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Recasting Folk in the HimalayasIndian Music, Media, and Social Mobility$
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Stefan Fiol

Print publication date: 2017

Print ISBN-13: 9780252041204

Published to Illinois Scholarship Online: May 2018

DOI: 10.5622/illinois/9780252041204.001.0001

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PRINTED FROM ILLINOIS SCHOLARSHIP ONLINE (www.illinois.universitypressscholarship.com). (c) Copyright Illinois University Press, 2021. All Rights Reserved. An individual user may print out a PDF of a single chapter of a monograph in ISO for personal use.date: 24 September 2021

The Goddess Plugged In

The Goddess Plugged In

Pritam Bhartwan and the Commodification of Possession Rituals

(p.158) 6 The Goddess Plugged In
Recasting Folk in the Himalayas

Stefan Fiol

University of Illinois Press

Jagar rituals have long been stigmatized as a type of folk religion because they involve animal sacrifice, corporeal possession, and the participation of low-status divinities and social groups. In recent decades, however, jagar has become a quintessential marker of regional belonging and religious expression in Uttarakhand. The public acceptance of jagar is part of a broader mobilization of vernacular devotional forms across South Asia facilitated by the growing economic clout of urban migrants and vernacular music industries. The hereditary drummer and healer Pritam Bhartwan has been a major catalyst for the resignification of jagar. This chapter highlights the transformations within Pritam Bhartwan’s own public persona as a means of illuminating the shifts in the public perception of jagar and in the concept of folk more broadly.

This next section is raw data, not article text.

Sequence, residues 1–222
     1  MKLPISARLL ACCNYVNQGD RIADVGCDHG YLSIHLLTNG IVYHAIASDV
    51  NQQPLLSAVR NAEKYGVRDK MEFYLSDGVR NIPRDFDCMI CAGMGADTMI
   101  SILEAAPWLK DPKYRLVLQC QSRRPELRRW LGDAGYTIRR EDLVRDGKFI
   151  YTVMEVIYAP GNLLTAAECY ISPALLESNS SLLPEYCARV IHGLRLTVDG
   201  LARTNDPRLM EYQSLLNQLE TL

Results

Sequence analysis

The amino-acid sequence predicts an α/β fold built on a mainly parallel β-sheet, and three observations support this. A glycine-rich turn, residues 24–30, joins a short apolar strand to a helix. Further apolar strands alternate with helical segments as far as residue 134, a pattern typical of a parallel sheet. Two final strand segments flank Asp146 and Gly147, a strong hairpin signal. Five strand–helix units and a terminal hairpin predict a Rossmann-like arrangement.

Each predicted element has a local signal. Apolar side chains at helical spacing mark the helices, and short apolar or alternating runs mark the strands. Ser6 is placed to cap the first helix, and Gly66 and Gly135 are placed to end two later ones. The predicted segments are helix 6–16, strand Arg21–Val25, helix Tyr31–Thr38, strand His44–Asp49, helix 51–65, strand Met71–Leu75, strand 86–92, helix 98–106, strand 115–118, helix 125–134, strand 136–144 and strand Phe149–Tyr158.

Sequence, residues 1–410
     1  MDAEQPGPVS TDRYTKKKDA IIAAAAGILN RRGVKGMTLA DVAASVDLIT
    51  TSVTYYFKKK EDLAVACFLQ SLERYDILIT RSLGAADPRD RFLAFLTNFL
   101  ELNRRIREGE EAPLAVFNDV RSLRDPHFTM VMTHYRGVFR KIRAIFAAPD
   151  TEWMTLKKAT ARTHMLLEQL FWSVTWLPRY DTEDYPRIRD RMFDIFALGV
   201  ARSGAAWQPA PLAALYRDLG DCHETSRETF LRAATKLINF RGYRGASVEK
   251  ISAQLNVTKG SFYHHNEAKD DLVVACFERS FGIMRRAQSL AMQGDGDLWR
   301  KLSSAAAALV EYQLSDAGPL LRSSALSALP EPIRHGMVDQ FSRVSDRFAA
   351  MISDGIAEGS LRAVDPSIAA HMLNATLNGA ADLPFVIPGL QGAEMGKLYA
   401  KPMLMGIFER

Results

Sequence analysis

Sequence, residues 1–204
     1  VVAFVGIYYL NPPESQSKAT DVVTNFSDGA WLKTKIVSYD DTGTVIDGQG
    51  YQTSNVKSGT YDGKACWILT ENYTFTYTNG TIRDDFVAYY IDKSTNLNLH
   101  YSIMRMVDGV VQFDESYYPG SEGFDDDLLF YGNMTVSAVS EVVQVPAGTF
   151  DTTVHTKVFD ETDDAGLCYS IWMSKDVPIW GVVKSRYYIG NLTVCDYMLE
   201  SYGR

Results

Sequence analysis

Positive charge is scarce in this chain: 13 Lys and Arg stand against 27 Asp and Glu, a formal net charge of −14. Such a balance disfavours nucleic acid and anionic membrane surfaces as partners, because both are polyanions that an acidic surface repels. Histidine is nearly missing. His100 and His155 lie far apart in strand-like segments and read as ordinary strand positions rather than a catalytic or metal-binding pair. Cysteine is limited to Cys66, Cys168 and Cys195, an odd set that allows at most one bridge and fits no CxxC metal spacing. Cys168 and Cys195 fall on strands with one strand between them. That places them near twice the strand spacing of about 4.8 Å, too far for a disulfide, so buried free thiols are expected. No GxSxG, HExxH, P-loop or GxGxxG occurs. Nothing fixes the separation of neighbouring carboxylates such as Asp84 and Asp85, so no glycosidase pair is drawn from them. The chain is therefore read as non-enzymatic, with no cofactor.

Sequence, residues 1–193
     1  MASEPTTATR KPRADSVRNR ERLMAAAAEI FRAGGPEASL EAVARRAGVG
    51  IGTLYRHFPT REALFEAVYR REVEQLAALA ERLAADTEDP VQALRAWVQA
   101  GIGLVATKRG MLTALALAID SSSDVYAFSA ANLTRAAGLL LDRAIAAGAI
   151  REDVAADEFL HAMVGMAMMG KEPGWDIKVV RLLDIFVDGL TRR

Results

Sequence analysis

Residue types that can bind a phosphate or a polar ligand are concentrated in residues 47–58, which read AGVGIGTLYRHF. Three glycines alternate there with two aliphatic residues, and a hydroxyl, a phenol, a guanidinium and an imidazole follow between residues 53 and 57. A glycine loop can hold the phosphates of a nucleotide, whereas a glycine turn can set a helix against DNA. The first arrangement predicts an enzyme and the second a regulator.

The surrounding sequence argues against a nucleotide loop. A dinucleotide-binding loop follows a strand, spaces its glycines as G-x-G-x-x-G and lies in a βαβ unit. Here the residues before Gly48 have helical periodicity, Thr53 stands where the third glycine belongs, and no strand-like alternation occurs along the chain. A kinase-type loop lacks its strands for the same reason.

Keywords:   Pritam Bhartwan, commodification, spirit possession, healing rituals, folk religion, popular Hinduism, Jagar, Sanskritization, stigmatization of ritual practice, social mobility

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